We used to play a naughty game to get us through endless dreary BBC management meetings, called Fuck or Die. You were allowed to refuse to contemplate sexual intercourse with only three people per hour, before you were landed with a hefty fine. When I look at the twin macho monoliths of that are Jeremy Clarkson and John Prescott, Fuck or Die comes flooding back in all its grisly glory.
Both men represent, to most of the women I know, the very last thing they would contemplate caressing, let alone indulge in any exchange of bodily fluids. Both men have one overwhelming character defect which women find a total turn-off - an oversupply of arrogance and self-confidence. They are puffed up with their own self-importance, convinced that they are articulate, intelligent, masterful and capable, when they are clearly of average capabilities in every single department, without even mentioning what's inside those baggy trousers. Men so devoid of physical gorgeousness they make other men feel good about themselves.
Top Gear is a programme which started off as a little haven where, under the guise of discussing cars, Clarkson, pictured, could come up with all sorts of sexual innuendo about thrust and horsepower. With the rise of metrosexual man, the BBC (in the name of "equality", I presume) foolishly permitted Clarkson to dip his toes into the mainstream, to expound on his great love of engineering. The result was a well-received film about Brunel for the 100 Greatest Britons series.
But Clarkson is a genie let out of a bottle, who seems to feel that his racist remarks about Europeans and Americans in The Sun and the Sunday Times are entertaining and witty, when they are nothing but boorish and facile. The environmentalist Sir Jonathan Porritt is right to attack Clarkson for not caring about climate change, when he could, if he chose, engage thousands of ordinary men in the debate. Ranting about hating cyclists and driving 4x4 cars through unspoilt moorland, without giving a toss for the environmental damage, isn't just childish but completely reprehensible.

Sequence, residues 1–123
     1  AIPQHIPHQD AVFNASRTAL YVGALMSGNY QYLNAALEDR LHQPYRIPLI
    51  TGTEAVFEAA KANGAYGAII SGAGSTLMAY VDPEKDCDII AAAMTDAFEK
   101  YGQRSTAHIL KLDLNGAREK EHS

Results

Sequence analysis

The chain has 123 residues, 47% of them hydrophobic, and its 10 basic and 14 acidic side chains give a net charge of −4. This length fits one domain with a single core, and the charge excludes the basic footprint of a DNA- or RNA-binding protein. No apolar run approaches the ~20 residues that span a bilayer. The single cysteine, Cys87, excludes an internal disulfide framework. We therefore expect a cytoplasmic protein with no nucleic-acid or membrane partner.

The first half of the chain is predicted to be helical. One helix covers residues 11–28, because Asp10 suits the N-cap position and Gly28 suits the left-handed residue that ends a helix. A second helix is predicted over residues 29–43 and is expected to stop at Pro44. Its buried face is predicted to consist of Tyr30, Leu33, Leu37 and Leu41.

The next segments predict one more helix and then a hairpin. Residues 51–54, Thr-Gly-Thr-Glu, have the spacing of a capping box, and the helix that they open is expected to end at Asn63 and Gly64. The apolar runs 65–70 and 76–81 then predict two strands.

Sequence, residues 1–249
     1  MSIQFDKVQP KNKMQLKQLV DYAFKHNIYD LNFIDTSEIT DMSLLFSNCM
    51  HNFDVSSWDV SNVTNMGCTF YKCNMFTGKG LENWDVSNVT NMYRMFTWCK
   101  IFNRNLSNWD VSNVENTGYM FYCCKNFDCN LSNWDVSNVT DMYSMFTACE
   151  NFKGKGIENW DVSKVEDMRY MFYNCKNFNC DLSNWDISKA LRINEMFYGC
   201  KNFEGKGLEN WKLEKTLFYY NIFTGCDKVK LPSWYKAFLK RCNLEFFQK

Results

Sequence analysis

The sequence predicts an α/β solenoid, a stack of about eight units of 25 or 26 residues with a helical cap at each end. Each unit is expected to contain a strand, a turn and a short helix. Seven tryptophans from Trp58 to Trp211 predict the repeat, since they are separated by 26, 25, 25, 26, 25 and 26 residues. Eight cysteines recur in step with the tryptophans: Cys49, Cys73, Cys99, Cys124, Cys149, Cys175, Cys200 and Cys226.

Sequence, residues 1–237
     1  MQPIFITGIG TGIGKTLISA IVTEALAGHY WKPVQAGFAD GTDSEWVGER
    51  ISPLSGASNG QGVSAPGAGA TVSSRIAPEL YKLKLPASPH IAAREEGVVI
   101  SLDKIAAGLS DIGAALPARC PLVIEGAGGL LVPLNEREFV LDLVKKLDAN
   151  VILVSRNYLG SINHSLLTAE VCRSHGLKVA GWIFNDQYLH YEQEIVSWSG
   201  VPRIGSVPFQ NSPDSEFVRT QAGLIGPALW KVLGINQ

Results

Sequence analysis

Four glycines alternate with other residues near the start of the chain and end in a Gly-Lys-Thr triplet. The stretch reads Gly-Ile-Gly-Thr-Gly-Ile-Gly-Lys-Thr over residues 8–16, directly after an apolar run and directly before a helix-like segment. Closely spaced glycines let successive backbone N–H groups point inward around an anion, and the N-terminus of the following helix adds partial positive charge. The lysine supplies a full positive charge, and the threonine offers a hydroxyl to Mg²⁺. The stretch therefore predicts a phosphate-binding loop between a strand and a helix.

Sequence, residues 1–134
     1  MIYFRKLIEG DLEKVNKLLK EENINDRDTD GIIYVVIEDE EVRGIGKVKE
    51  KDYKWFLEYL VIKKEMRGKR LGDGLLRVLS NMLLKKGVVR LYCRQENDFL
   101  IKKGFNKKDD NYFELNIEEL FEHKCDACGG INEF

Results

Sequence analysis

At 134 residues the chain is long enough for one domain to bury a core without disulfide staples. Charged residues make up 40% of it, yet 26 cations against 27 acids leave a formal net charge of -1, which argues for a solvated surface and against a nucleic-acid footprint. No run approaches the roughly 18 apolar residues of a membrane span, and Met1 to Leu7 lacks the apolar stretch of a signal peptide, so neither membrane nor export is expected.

John Prescott might be chairing important government committees, but his decisions over the past few years demonstrate over and over again that he is another Clarkson in government. Giving the go-ahead to millions of new homes in the South-east, the one area of Britain facing a drought, with not enough water for its residents, was a major blunder. Intervening in countless planning disputes to give the go-ahead to superstores all over the English countryside was another, as was allowing hundreds of perfectly good terrace houses to be demolished in the centres of Liverpool and Manchester.
Prezza the politician is big, butch and brutal. He mows down what gets in his way. He has been allowed to get away with behaviour no woman in his position would have survived. His continued existence at the heart of government shows that Mr Blair has given up on the female vote, because every day Prezza parks that big backside on the front bench, another woman in Britain decides to votes for David Cameron.
Sometimes you've got to kill to be kind
I am glad the National Trust is considering bringing back hunting with hounds on their land - because the quickest way to flush out and find injured deer, so that they can be humanely shot, is using a dog.
Deer cause a huge amount of environmental damage, and people who object to herds being culled are just talking out of their backsides. When animal welfare organisations start moping about the use of hounds, I'd just like to know whether they think it's kinder to let deer rot to death over a period of weeks. This isn't the reintroduction of hunting, but sensible land management. Deer are shot on vast tracts of land owned by the water boards and the Forestry Commission all over Britain.
When I walked through the Kielder forest, I was told that hunters from Germany come over and pay large sums of money to shoot here. What's the problem? Now we may see the introduction of laws permitting the shooting of wild boar, which are causing plenty of damage to farms in Kent and Sussex. I loathe fox hunting and all its grisly traditions, but I support culling animals when necessary, using guns and properly certified marksmen.
* The ratings for the series The Monastery proved that we're hooked on watching people in confined spaces - it was far more riveting than Big Brother. Now the Poor Clares convent in Sussex is allowing cameras in to record how four women get on during 40 days of prayer and contemplation. The programme will be televised on 14 June.
If the Reverend Roger Smith of Haslingden, in Lancashire, decides to tune in, it will be from behind a new, 10-foot security fence. When 90 clergymen were asked about violence for a survey recently, it emerged that half had been attacked in the past year. Mr Smith, his vicarage and church have endured vandalism for a decade, and now his parishioners have donated thousands towards a security system which he can monitor from his home - a shame the BBC isn't filming his wayward flock.Reuse content